AP HUMAN GEOGRAPHY DIGITAL STUDY: MIKE BUSARELLO
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What Is The Ancient Religion Zoroastrianism?

What Is The World's Most Peaceful Religion? https://www.youtube.com/watch?v=T0W-a8Ux0Do Subscribe! http://bitly.com/1iLOHml With Zoroastrianism on th

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Dustin Fowler's curator insight, October 2, 2016 11:53 AM
A super cool synopsis of the world's most unknown influential monotheistic religion!  So many similarities to other, better known Abrahamic religions, and so much application in studying the history of the Middle East.  Also, the mention of the impact of globalization and secularism on such a small and relatively unknown religion highlights the contrast between the struggle to be like everyone else, vs the struggle to maintain local diversity. 
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India explained in 20 maps

India explained in 20 maps | AP HUMAN GEOGRAPHY DIGITAL  STUDY: MIKE BUSARELLO | Scoop.it
The following set of 20 maps of India look into the story of this riveting country. A captivating place to both travel and read about.

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Seth Dixon's curator insight, June 22, 2016 2:56 PM

Some of these maps nicely highlight some regional differences within India. There are plenty of articles like this now (for example, 40 maps that explain the Middle East, and 38 Maps that explain Europe). While we can all agree that maps are great analytical tools that can be very persuasive, sometimes we can pretend that they are the end all, be all for any situation.  Also, any list like this, it is bound to have a few clunkers, but it is worth it  to find those teaching gems.   

 

TagsIndia, South Asiamap, map archives, culturedevelopment, economicreligion.

Luis Cesar Nunes's curator insight, July 13, 2016 7:20 AM
India maps
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Edible Cutlery

"India is one of the world's largest consumers of disposable plastic cutlery, which has the makings of a huge health and environmental crisis written all over it."


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Seth Dixon's curator insight, May 3, 2016 9:15 AM

Plastics clog our landfills and single-use plastic consumption is one of the most wasteful elements of our consumer-based, disposable society.  This product is a reaction against the waste of disposable cutlery, but it is also an intriguing developmental strategy (see company kickstarter page or website). 

 

Tags: developmentfood, gender, agricultureconsumption, South Asia, pollution

Rebecca Geevarghese's curator insight, May 8, 2016 6:27 AM
How innovative!! Will definitely being showing this to my Geography students. 
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Which country has the biggest economy?

An animated infographic showing the top three economies throughout history. Does China have the world's largest economy? Is China's economy bigger than America's?

 

Tags: economic, China, development, India.


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Patty B's curator insight, September 9, 2015 2:40 PM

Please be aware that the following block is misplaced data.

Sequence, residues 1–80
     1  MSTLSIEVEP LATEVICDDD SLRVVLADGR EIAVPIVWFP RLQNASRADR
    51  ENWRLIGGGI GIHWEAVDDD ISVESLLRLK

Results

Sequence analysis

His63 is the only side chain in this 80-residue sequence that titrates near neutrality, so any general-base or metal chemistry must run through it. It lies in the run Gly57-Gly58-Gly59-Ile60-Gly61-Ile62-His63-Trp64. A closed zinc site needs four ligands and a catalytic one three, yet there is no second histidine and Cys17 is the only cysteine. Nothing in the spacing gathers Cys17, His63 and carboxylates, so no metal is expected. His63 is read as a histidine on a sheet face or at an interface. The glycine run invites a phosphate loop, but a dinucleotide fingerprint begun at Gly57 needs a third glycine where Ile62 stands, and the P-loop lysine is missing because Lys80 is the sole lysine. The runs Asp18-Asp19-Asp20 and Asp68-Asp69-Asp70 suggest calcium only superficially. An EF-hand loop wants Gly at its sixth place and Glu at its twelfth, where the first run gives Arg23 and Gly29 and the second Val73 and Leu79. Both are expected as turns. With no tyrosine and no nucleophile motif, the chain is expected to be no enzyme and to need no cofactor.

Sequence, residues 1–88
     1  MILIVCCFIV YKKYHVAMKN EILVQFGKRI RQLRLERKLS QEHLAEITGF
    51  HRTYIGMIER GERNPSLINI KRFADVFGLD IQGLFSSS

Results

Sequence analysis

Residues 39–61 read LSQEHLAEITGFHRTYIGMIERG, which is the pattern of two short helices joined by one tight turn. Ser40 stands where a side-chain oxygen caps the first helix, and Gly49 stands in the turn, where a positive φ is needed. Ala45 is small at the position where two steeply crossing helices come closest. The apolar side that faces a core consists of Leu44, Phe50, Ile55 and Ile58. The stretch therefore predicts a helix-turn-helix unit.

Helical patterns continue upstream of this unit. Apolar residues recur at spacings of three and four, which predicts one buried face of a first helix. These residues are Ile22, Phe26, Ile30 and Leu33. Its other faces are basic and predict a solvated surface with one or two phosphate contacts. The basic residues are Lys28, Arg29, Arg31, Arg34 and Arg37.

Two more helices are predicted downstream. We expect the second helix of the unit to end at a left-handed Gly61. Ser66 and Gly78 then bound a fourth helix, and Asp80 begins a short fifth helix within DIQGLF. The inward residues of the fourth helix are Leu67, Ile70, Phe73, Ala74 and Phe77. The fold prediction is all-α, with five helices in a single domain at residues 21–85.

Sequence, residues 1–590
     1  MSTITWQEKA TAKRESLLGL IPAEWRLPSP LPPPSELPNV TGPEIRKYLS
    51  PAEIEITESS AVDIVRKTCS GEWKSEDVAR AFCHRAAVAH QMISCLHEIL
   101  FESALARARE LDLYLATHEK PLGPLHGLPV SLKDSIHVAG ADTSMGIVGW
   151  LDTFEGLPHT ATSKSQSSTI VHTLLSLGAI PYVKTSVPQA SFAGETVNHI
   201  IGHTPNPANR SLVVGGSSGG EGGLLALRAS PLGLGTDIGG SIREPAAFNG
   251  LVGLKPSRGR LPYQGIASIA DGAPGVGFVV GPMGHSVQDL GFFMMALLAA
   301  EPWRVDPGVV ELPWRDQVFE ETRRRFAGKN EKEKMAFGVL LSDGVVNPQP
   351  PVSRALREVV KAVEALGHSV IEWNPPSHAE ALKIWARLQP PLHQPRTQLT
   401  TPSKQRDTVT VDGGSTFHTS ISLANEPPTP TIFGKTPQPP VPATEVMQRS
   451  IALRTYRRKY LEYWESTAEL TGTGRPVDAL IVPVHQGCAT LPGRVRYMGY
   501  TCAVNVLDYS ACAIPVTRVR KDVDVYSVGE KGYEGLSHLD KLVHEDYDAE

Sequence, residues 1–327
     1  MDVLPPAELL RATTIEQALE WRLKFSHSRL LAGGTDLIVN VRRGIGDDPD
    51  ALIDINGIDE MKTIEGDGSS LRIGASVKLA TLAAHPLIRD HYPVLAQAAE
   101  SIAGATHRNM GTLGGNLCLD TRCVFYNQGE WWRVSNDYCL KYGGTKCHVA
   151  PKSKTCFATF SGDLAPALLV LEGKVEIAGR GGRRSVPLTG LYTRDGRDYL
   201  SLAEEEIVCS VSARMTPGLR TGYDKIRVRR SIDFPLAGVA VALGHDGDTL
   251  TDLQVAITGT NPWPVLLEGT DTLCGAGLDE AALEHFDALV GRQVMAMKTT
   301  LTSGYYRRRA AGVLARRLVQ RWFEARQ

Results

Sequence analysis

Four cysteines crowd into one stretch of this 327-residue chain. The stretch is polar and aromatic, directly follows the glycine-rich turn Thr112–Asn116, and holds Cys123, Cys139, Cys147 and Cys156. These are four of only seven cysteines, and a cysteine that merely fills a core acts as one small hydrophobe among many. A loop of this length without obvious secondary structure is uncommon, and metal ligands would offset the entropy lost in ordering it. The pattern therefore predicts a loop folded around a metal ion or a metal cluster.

Interesting data taught in a real efficient manner.

Chris Costa's curator insight, November 15, 2015 2:31 PM

I think this was honestly super cool. It was interesting to see the massive size of the economies of China and India throughout history, especially coming from a background of eurocentric approaches to history in our education system. It's interesting to grow up hearing about the formidable size and power of the Roman Empire, only to discover that its power was dwarfed by two other empires, who have dominated their part of the globe for much of human history. It was stunning to see just how much the industrial revolution changed the geopolitical landscape; we learn about it and its affects in school, but I feel like the fact that it very much was a "revolution" is lost on kids. The world was completely altered by the advent of mass production, as evidenced by the swing of economic power from East to West following the revolution. It was also impressive to see just how large the American economy was in the 1950's. However, the tides have begun to turn, as we are quickly seeing the ascent of the Chinese economy once again, with India slowly getting back on track as well. With a population of over 1 billion people, India is the world's largest democracy, and has the potential to be a superpower on a scale that the world has never seen before.

Martin Kemp's curator insight, December 17, 2015 3:47 PM

i would never have thought that china and india would have dominated would economy throughout the past, now it is not that much of a suprise, but especially during the times where france britain and italy (romans) dominated the world, how is it possible that india and china were so far ahead of them economically?

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A City For Abandoned Mothers In India

Thousands of widows have been making their way to the holy city of Vrindavan in northern India to spend the rest of their lonely lives. Cast out by their families, or simply alone in the world, some travel hundreds of miles to get there.

 

Tags: gender, India, SouthAsia,  culture.


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Eden Eaves's curator insight, May 24, 2015 5:10 PM

There are 15,000 widows living in the city of Vrindavan and most of them come from over 1300 km away; West Bengal. After their husbands death, these women have been beaten and tortured by their own children for money they don't have and have had to escape to this holy city for safety where, even though they are away from the beatings, they much beg and sing for money. Many wish for death over this humiliation. 

A woman, capable of bringing life into the world, should never be treated like this and especially by her own family. 

Shane C Cook's curator insight, May 27, 2015 4:32 AM

It is crazy to think Indian families would abuse these widows, but what questions me is the reason to flee for spiritual fulfillment. I understand why one would leave because their family betrayed them but why spiritual fulfillment?